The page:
Audio-only book puts fiction on menu for iPod users
Brian Luff's Sex on Legs, a sci-fi thriller, is also unique because its first-time author did not have a contract with a traditional publisher - opening up new audio opportunities for budding authors.
Luff's novel, published by US company Audible, which dominates the audiobook market, comes as publishers experience a rapid surge in demand for downloadable books - a market which was virtually non-existent just three years ago.
Publishers and book experts in Scotland said while downloads would become an important feature of the book trade, there was the danger that audio "self-publishing" could lead to a dip in quality of books available.
Catherine Lockerbie, the director of the Edinburgh International Book Festival, said: "In general it is very, very, good news that new forms of technology are embracing one of the oldest forms of communication. However, it is not a threat to the print version or festivals. Indeed, anything which whets the appetite of a new generation is to be welcomed."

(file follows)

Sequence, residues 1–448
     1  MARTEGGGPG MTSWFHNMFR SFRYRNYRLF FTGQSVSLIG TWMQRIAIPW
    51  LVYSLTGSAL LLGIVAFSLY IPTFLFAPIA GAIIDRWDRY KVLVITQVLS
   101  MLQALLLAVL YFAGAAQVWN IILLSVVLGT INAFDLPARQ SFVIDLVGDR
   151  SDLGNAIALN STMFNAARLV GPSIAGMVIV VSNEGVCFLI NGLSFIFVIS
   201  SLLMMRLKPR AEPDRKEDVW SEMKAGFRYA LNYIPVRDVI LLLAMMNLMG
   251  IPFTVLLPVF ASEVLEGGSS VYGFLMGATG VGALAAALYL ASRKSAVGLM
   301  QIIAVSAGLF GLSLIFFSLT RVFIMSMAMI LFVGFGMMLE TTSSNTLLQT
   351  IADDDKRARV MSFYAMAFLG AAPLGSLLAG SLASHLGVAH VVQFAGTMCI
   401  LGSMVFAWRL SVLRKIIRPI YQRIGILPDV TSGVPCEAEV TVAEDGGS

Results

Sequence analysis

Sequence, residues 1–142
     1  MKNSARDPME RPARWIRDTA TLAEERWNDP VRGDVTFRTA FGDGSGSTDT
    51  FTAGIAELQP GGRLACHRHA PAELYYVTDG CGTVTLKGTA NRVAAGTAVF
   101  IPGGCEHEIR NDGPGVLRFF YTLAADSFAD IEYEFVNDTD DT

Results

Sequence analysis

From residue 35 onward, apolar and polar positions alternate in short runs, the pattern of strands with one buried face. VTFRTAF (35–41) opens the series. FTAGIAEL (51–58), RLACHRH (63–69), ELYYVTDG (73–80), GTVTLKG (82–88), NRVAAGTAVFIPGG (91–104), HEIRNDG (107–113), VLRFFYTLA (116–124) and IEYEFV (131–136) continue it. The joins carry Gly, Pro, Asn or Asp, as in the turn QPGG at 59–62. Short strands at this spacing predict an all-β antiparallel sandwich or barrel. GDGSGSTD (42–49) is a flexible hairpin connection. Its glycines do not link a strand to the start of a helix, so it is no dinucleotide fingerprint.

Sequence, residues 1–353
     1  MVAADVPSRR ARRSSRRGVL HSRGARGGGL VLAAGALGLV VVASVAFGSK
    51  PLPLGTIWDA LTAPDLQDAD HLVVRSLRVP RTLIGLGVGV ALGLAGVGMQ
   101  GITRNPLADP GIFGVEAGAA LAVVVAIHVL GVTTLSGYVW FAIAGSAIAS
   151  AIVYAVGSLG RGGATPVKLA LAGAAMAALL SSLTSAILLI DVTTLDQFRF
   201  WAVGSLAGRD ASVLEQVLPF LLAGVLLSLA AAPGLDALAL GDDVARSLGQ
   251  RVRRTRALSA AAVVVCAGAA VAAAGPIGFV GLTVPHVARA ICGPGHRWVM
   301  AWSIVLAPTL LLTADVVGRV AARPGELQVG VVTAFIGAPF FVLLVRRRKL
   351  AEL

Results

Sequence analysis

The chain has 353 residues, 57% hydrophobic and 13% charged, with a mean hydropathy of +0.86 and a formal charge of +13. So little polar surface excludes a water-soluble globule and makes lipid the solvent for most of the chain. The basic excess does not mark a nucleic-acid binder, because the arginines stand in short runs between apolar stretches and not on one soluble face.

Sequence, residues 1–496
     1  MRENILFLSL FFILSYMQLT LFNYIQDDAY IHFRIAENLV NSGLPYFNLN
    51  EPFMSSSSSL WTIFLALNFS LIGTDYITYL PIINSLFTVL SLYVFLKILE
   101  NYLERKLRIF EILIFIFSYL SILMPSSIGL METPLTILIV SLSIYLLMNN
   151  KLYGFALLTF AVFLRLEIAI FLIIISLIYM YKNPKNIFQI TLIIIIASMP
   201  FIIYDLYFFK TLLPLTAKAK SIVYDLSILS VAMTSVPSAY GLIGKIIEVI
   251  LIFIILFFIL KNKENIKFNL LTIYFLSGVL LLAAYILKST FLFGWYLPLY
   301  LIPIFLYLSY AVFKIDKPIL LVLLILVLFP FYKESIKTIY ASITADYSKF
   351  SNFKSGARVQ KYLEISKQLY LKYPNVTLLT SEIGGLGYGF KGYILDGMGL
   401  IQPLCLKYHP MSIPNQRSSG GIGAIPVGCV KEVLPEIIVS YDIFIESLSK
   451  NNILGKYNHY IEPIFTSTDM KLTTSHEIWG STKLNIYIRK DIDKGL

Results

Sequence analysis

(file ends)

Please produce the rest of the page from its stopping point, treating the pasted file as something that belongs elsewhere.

But Liz Small, the marketing manager of the Scottish Publishers' Association, said there were drawbacks.
She said: "Self-publishing allows people to edit their own books. Good writing is the result of good collaboration with a good editor and proof reader. But I don't think this is a phase - anyone who chooses to ignore it is looking backwards."
The audio market is now worth more than 70 million annually in the UK. Sales of audio books from July to September last year soared by 40 per cent compared with the same quarter in 2003.
Waterstone's, one of the biggest high-street retailers of audio books, reports sales of their spoken-word summer choices are up 35 per cent so far this year.